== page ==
New Colt M2012 Rifles in .308 Win. and .260 Rem.

Colt has added two new bolt actions to their high-end Colt M2012 line. The M2012MT308T is chambered in .308 Win. and the M2012LT308G is chambered in .260 Remington. They will both retail for $2,795.

From the press release …

Colt, in conjunction with Cooper Firearms of Montana, is expanding the M2012 bolt action rifle family with the introduction of two new models. The M2012MT308T and M2012LT308G/M2012LT260G follow their predecessor in the line, the M2012SA308. All M2012 models feature a custom fluted, match grade barrel and a single stage, adjustable Timney trigger. A signed, serial numbered and dated test target is included with each rifle as a testament to its accuracy.

“The durability and accuracy provided by the M2012 bolt action rifle family is outstanding,” said Joyce Rubino, Vice President of Marketing for Colt. “These new ‘crossover’ rifles transition easily from target shooting at the range to long-range hunting in the field.”

The M2012MT308T, offered in .308 Winchester, is designed with the shooter’s comfort in mind, making it ideal for long sessions at the range. It’s ruggedness and accuracy also make it a great choice for experienced hunters. The M2012MT308T features a custom Manners composite stock built from a combination of aircraft-grade carbon fiber and fiberglass, making it accurate, stable, rugged and lighter than other precision rifle stocks. The barrel is a 22-inch stainless steel, match grade barrel with a 1-10” twist. The M2012MT308T weighs in at 10.25 pounds without the magazine, measures 44 inches in overall length and retails for $3,195.

The second new addition to the M2012 family is available to the market in two calibers. The M2012LT308G is chambered in .308 Winchester and the M2012LT260G is chambered in .260 Remington. It is designed to help any hunter take their trophy buck with ease and hit the mark at the range. Its match grade, fluted barrel along with a custom gray laminated hardwood stock makes it both accurate and lightweight. The M2012LT308G and 260G feature a 22-inch chrome-moly steel, match grade barrel with a 1-10” twist (.308) and 1-8” twist (.260). Both weigh in at 8.5 pounds without the magazine, measure 44 inches in overall length, and retail for $2,795.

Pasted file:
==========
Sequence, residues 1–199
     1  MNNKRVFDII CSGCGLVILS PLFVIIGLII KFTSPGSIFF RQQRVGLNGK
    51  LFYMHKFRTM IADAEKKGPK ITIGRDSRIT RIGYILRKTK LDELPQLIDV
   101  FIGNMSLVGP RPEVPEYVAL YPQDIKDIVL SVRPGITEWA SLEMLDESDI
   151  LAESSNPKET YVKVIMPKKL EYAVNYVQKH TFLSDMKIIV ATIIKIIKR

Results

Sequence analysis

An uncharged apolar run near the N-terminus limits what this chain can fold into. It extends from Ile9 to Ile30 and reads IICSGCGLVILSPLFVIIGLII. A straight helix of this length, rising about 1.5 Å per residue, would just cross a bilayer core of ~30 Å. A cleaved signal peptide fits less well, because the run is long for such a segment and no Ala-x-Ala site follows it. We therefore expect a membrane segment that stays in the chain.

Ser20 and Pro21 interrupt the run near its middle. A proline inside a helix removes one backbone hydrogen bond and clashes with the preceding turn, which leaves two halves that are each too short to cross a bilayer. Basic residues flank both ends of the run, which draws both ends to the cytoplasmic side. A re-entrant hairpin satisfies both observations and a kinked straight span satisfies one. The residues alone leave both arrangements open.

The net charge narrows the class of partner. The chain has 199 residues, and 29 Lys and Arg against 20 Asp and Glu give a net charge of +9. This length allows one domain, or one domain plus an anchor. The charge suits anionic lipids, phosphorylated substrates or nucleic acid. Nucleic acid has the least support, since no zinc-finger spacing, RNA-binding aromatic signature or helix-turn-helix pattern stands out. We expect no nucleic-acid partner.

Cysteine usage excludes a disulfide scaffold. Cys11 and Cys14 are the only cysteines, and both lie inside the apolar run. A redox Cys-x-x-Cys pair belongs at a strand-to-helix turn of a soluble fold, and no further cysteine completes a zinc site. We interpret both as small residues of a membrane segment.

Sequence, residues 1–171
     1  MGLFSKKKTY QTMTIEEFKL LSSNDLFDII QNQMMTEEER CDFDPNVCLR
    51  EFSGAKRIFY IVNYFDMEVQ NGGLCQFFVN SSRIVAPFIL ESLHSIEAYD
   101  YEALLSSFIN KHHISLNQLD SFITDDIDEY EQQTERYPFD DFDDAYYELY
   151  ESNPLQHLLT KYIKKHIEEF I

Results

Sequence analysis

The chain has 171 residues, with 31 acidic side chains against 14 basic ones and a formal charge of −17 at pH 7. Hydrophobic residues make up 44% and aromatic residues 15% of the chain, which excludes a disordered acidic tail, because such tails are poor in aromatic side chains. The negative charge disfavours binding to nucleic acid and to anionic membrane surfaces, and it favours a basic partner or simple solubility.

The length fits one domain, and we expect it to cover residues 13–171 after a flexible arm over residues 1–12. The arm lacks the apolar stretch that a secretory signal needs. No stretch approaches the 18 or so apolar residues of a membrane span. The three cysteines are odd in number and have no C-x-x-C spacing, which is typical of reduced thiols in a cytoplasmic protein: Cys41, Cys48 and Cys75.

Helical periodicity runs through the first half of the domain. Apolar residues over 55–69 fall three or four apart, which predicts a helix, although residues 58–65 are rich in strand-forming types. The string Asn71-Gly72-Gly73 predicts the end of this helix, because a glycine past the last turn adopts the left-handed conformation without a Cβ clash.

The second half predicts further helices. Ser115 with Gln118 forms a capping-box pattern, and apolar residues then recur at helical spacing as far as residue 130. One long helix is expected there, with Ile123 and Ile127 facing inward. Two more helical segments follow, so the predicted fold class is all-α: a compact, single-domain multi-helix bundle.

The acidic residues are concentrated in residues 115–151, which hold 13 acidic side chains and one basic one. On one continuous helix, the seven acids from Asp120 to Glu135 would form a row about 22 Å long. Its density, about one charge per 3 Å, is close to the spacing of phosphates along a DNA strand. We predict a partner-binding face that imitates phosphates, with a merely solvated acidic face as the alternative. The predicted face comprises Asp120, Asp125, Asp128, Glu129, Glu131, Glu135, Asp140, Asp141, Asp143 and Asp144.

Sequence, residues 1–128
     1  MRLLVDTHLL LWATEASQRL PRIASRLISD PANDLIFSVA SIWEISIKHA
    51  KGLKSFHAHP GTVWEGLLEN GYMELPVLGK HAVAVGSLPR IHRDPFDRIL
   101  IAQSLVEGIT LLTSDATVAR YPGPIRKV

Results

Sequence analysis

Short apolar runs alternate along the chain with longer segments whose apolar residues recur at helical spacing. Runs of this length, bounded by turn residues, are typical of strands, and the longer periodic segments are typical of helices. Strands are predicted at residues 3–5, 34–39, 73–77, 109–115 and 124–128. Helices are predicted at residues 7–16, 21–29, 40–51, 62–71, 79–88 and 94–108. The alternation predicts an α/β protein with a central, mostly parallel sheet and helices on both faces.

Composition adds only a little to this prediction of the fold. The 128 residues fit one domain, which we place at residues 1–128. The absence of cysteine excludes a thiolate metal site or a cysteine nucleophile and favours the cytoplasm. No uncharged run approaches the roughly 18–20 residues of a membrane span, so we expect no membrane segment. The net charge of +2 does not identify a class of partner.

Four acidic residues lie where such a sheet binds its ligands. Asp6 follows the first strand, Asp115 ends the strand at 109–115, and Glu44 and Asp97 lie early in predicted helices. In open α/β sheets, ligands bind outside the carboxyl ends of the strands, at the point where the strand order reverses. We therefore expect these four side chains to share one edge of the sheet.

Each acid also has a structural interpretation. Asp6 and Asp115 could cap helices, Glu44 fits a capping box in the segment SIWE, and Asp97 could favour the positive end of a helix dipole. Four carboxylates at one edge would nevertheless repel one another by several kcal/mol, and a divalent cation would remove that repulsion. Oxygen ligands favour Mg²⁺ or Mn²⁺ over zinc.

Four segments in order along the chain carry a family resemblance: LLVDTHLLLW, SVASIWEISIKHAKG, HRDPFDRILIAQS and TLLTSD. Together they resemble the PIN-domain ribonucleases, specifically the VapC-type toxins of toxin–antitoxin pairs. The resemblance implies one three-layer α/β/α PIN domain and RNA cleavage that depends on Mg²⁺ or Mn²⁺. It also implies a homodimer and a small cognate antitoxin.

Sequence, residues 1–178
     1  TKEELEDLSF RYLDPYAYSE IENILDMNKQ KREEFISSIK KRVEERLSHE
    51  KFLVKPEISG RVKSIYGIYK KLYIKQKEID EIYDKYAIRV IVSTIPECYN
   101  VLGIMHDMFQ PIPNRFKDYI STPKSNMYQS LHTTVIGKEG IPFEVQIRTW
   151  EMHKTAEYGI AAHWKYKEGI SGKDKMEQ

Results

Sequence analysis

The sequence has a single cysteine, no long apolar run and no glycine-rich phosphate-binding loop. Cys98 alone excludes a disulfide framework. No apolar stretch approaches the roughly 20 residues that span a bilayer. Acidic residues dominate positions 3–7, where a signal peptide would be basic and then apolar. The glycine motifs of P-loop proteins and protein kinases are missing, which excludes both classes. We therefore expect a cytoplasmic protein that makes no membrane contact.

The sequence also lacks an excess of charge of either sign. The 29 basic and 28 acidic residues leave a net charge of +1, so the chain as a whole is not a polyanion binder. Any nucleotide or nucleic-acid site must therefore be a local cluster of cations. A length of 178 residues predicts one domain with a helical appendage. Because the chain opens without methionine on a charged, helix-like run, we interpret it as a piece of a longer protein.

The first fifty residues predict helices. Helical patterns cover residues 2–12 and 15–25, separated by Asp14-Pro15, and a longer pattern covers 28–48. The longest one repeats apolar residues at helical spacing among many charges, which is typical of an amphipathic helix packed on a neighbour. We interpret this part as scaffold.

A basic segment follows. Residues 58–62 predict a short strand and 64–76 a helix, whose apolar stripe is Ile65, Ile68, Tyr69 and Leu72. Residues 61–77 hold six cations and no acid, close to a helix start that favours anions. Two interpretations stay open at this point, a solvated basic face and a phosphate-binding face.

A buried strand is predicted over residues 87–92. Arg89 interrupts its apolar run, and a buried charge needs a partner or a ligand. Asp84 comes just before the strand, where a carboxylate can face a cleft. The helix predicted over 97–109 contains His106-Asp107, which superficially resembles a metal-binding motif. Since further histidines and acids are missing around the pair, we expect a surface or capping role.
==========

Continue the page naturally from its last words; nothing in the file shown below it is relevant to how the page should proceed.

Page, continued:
Steve Johnson

Founder and Dictator-In-Chief of TFB. A passionate gun owner, a shooting enthusiast and totally tacti-uncool. Favorite first date location: any gun range. Steve can be contacted here.


  • vereceleritas

    I believe you posted the wrong model number for the .260 Rem.

  • LRB

    .260 Remington is an awesome cartridge with serious long range accuracy. I have never understood why it hasnt generated more mass appeal. Everyone i know who shoots its thinks it is pretty amazing.

    • DrewN

      I love the .260, mostly because my very first centerfire was a Mauser sporter chambered in 6.5-08 that my grandfather gifted to me in 1977. Almost every animal I’ve ever taken has been with that rifle. That said, the .260 has nothing on the venerable 6.5 x 55, which only goes to show… Anyway, my grandfather passed 4 and only 4 long arms to me: a Winchester 57 .22 , that Mauser in 6.5-08 and another in 9.3 x 62 and a Winchester 59 12 gauge autoloader. “That’s all the damn guns you’ll ever need” he told me (perhaps already sensing a small hoarding problem to come).

    • Paul White

      Americans don’t seem fond of any of the 6.5mms, 260s, etc. And its weird cause they’re good rounds and for craps sake they’re more than fine for deer or other mid sized game

  • Lance

    Have a overblown Colt price on it too.

    • Mark

      Why do you think it’s overblown? I had a gunsmith build a custom rifle with very similar specs to these and it came in well over $3000, closer to $4000 and it took over a year. These will come with a Colt warrenty and no wait.

    • LRB

      if they are Cooper rifles branded and sold under Colt that is actually a good price.